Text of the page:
There’s good news and bad about the new Pine Street bus stop in the village of Tivoli.
The improvements to the new stop are in the final stages of completion, according to Deputy Mayor Joel Griffith.
At an Aug. 21 Village Board workshop, the board announced that the lamppost at the bus shelter has been put up and will finally be getting a power source by Aug. 31.
The stop has been used by the Bard shuttle since the end of the spring semester, even though college officials were concerned about dropping off students in a dimly lit area.
But another problem has cropped up.
Griffith said he recently discovered that the parking ordinance along Pine Street allows cars to park directly in front of the bus stop without penalty. He pointed out that this creates the kind of congestion around the new bus stop that triggered removal of the old stop in front of the Tivoli Post Office on Broadway.
So the village will now seek to set up a no-parking zone at the Pine Street site, which is near the entrance to Tivoli Memorial Park.
During public comment at the workshop, one village resident voiced his concern that the Dutchess County LOOP bus has not been stopping at the Pine Street stop recently.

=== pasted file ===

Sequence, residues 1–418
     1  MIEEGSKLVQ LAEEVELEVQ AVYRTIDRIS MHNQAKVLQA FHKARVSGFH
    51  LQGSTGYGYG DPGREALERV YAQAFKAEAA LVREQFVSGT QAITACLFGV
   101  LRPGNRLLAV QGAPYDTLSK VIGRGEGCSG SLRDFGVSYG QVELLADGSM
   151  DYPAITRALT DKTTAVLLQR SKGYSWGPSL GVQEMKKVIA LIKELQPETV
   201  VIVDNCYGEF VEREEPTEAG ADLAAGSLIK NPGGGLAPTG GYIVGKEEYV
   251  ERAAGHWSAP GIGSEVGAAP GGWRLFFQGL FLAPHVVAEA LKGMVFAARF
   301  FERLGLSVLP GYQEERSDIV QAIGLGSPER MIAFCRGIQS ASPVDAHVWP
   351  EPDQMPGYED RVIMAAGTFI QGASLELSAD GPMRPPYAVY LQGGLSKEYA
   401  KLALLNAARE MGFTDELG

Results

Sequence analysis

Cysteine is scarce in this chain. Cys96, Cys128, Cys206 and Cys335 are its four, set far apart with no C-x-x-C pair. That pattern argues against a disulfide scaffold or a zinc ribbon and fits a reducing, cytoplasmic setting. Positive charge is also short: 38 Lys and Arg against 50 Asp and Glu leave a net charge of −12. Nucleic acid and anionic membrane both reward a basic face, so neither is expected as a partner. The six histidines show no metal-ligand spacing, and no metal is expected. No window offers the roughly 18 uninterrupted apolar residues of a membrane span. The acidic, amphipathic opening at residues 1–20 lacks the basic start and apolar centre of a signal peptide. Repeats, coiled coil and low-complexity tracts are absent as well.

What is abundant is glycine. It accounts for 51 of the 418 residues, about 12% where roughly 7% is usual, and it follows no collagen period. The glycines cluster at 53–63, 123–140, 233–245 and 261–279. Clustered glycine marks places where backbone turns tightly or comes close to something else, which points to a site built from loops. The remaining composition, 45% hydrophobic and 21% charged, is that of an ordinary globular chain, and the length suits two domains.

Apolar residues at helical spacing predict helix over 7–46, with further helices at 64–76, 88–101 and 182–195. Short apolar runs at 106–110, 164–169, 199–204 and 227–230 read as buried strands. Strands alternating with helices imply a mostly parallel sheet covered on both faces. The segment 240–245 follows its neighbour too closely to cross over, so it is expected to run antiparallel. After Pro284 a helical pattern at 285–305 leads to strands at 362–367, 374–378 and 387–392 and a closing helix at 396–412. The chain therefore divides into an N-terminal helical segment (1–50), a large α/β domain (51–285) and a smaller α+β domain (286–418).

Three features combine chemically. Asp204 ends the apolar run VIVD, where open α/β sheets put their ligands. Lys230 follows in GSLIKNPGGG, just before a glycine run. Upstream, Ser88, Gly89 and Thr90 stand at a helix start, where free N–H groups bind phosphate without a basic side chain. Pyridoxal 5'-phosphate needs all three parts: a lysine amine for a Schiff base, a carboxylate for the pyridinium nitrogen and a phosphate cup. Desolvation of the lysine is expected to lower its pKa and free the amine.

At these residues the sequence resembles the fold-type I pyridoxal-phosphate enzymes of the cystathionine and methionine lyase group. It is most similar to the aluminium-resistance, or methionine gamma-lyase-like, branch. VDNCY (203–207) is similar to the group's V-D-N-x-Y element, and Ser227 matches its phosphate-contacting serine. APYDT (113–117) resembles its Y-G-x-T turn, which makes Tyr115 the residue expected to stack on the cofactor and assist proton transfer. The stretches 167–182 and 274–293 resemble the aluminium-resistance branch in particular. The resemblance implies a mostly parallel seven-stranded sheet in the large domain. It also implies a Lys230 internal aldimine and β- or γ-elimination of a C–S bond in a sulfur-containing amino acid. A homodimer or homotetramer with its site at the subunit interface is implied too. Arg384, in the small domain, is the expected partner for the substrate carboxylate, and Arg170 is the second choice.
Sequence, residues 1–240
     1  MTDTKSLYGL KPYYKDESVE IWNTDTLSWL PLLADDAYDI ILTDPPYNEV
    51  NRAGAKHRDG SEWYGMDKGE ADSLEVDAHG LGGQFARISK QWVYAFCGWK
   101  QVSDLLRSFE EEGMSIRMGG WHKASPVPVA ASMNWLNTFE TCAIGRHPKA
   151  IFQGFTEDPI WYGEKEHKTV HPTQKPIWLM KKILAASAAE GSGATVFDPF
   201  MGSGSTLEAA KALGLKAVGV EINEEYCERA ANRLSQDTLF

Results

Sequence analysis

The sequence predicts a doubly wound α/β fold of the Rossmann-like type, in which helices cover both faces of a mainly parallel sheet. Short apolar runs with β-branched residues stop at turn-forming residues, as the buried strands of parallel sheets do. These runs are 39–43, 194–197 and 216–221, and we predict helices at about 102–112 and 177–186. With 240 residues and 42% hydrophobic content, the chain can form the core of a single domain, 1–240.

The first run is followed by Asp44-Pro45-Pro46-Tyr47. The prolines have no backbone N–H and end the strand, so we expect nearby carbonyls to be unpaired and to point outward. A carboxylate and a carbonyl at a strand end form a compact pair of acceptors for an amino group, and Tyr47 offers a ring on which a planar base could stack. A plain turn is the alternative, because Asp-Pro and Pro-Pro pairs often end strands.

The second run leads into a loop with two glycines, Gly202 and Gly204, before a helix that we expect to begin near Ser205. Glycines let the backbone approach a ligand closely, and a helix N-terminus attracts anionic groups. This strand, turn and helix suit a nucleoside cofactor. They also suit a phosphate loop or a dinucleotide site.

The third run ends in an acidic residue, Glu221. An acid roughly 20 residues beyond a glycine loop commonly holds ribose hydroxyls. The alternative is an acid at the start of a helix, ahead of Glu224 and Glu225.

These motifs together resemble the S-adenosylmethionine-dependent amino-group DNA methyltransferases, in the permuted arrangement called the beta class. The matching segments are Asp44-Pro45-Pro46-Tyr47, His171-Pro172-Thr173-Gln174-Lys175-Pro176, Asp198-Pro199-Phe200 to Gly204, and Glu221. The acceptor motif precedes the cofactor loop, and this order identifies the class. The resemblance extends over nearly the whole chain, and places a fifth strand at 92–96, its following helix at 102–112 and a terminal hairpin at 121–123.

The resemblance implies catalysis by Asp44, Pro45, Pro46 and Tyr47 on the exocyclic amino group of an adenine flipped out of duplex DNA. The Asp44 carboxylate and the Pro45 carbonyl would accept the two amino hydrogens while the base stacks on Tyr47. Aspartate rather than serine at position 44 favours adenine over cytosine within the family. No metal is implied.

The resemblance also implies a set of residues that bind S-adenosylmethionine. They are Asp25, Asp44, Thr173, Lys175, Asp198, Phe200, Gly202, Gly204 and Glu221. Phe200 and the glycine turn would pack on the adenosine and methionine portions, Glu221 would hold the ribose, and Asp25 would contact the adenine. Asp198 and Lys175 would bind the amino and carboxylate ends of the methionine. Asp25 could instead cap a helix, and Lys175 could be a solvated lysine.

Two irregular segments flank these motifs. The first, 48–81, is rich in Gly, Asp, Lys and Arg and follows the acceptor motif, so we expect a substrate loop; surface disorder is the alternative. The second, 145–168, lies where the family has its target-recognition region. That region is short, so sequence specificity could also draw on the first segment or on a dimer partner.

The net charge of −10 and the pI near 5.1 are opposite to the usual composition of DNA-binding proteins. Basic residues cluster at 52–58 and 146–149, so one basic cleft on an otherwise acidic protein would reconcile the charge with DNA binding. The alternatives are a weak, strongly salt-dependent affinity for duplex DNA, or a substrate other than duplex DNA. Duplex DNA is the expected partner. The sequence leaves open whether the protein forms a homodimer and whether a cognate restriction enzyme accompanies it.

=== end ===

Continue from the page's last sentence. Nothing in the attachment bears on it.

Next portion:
Griffith said that the village will solicit the county Department of Transportation to bring the LOOP bus to the stop in the near future.
There will be a public hearing to discuss the no-parking zone on Sept. 11 at 6pm at the Village Board meeting in the American Legion building.
The new bus stop has been an ongoing project in the village since last October. At the time, and after complaints of late-night student noise on the streets, the village met with Bard College officials and began the process of moving the stop, used by both the Bard shuttle and the LOOP bus, away from the center of the village.
The college donated the lamppost to light the new bus shelter; the county DOT provided the actual bus shelter, and the village went through the process of getting a zoning variance to waive the 30-foot setback requirement for the shelter.
But the lack of lighting remained a key issue for months.